Flaw in Bluetooth Technology Exposes Smart Devices to Hacking

A defect seen with the Bluetooth Low Energy (BLE) gadgets means hackers will have an easier time breaking into them. This is based on a study conducted by researchers from Ohio State University.

Ever since it was launched in 2012, the Bluetooth Low Energy (BLE) technology has become a popular choice in several devices. This technology enables devices to communicate with a higher level of efficiency when compared with the earlier forms of technology.

Conventional and everyday devices that use it, like the wearable fitness and health trackers, smart sound systems and smart thermostats will initially link up with the software applications on the mobile device. This is done via broadcasting using what is known as a universally unique identifier.

With the way the systems are designed, the identifier in question is incorporated into the code for the mobile application. If this is not done, there is no way the mobile applications will be able to hook up with one another. But there is another sinister side to this very important feature. The same identifiers in the applications also make the devices to be vulnerable to attacks using fingerprints . This is what the scientists at Ohio State University have discovered in their research.

Zhigiang Lin is an associate professor and was the leader of the research group. The explanation is that there is a basic flaw that opens these devices to attack. The first is when they are linked up with a mobile application and another when the devices are in operation mode. The severity of the vulnerability differs. However, it is recurrent with BLE devices and this is noticed whenever there is a communication with mobile applications.

A hacker is able to conclude on whether you are making use of a specific Bluetooth device like a smart speaker in your house. This can be done simply by working out if your smart device is working using the identifier from particular mobile applications. In fact, it can get worse. In some instances where there is no encryption of any kind, the hacker can just eavesdrop on your conversation and harvest data that way. This can also be done in cases where there is encryption but the usage is defective.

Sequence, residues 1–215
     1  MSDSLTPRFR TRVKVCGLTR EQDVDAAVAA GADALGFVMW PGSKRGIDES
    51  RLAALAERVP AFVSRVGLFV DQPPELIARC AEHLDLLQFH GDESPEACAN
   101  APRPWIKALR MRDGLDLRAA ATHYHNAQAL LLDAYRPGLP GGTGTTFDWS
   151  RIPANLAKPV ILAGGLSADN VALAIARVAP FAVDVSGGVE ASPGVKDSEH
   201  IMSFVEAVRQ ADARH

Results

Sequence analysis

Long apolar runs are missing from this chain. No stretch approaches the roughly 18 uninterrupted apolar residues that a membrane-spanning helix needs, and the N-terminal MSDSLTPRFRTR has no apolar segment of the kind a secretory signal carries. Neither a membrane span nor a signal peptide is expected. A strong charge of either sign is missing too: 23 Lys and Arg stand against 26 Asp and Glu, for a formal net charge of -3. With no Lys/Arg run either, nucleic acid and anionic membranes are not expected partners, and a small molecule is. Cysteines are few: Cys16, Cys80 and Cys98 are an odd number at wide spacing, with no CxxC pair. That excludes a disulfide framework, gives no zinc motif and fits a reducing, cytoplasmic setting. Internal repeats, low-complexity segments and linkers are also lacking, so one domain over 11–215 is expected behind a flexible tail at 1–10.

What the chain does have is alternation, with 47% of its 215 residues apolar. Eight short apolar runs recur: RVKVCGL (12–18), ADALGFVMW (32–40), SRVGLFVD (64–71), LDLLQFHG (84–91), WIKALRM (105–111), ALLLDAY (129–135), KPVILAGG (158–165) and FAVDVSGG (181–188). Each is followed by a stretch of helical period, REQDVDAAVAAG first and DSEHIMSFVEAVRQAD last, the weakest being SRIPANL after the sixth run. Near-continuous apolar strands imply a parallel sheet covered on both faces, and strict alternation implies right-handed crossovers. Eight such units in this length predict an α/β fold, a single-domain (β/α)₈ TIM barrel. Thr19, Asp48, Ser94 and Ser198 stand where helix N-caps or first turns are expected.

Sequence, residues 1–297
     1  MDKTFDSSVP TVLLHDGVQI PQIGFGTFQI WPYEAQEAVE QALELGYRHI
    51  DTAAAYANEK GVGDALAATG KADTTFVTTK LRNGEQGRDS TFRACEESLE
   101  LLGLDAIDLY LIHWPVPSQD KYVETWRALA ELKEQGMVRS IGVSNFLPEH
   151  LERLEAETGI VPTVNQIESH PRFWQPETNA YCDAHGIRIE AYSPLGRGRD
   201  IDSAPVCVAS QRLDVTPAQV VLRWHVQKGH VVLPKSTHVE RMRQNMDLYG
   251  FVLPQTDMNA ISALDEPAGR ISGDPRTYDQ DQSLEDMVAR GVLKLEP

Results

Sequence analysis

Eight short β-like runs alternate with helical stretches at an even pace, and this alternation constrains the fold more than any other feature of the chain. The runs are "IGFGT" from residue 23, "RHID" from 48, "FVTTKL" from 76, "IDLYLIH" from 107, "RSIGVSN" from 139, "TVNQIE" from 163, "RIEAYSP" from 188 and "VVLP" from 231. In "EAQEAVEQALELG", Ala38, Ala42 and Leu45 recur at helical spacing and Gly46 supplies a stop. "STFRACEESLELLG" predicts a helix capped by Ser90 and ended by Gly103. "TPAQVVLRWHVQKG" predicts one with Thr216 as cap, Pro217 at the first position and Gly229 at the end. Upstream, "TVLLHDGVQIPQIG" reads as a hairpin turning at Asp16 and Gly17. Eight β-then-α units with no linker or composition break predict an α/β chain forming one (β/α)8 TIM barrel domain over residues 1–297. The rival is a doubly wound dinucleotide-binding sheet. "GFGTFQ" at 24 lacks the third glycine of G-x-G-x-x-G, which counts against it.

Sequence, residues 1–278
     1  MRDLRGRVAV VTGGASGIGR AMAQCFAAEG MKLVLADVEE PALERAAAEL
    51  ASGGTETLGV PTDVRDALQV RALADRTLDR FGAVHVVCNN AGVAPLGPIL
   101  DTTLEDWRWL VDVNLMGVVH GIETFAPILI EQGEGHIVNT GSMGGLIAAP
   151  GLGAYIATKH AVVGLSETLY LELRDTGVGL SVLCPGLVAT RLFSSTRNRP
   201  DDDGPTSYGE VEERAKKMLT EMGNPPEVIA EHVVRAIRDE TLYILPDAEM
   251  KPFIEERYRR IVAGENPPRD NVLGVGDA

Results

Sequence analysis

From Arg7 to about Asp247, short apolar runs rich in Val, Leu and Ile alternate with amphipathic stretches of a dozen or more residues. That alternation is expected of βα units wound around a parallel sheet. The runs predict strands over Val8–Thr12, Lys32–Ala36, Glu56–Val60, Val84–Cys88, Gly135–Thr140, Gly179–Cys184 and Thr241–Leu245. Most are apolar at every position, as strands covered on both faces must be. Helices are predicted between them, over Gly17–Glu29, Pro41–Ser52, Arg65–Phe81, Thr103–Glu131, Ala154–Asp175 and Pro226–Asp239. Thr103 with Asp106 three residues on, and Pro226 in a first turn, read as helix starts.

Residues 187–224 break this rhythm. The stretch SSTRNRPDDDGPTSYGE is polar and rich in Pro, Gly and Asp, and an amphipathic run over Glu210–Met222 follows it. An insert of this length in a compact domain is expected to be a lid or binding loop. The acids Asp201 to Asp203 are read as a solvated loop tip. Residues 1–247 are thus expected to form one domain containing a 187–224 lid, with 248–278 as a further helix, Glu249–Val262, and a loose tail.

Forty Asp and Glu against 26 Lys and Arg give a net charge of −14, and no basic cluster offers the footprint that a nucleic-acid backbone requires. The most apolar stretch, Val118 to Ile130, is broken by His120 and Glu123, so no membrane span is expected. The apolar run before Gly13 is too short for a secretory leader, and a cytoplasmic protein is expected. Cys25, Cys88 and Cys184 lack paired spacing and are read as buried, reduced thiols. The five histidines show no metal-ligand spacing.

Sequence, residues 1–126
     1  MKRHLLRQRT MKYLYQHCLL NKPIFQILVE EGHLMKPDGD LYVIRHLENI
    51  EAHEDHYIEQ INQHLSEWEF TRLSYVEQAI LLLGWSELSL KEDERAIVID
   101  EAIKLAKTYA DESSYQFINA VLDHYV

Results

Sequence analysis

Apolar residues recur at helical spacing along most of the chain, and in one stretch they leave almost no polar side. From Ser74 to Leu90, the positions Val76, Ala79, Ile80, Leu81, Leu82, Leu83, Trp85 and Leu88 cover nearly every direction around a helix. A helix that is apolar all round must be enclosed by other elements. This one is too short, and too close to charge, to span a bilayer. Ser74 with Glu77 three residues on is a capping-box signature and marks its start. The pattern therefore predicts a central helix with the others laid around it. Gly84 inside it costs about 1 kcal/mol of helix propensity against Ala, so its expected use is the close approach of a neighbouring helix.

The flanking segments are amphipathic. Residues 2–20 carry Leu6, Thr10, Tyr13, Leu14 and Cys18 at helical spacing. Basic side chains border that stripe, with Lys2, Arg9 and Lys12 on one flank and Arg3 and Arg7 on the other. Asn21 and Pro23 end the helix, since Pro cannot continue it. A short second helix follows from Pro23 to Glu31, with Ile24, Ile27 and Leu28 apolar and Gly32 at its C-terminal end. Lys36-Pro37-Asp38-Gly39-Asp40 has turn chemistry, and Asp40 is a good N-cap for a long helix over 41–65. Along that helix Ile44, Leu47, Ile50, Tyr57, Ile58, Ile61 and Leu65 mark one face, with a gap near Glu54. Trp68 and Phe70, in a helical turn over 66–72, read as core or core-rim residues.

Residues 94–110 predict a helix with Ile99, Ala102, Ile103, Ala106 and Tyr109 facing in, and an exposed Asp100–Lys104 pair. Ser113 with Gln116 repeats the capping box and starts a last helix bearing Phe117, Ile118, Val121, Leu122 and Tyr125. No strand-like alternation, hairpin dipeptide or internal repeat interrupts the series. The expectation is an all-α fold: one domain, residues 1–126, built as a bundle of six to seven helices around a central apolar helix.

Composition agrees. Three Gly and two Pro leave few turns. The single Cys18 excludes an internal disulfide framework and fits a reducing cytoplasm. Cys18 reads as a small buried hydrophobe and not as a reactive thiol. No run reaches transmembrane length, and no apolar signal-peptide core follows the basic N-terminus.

Lin also explained that the good news is that the issue can be fixed easily. The group of researchers also issued recommendations to developers of applications and Bluetooth industry teams. When the flaw was noticed, the researchers were eager to know how it was going to operate in the real world. So they constructed a sniffer which is a hacking tool that can locate Bluetooth gadgets using the broadcasting messages sent by the devices.

In making use of this tool, they were able to locate almost 6,000 BLE devices in an area of less than two square miles. Of all these, almost 95% were identified using attacks and more than 7% were clearly vulnerable to hackers and all manner of unauthorized entries.

The gadgets that were vulnerable to unauthorized entries were linked with the initial fingerprinting that occurs between the gadget and the mobile application that the hackers took advantage of. The researchers went ahead to come up with a tool that assessed all the BLE apps in the Google Play Store – there were over 18,000 of them in all.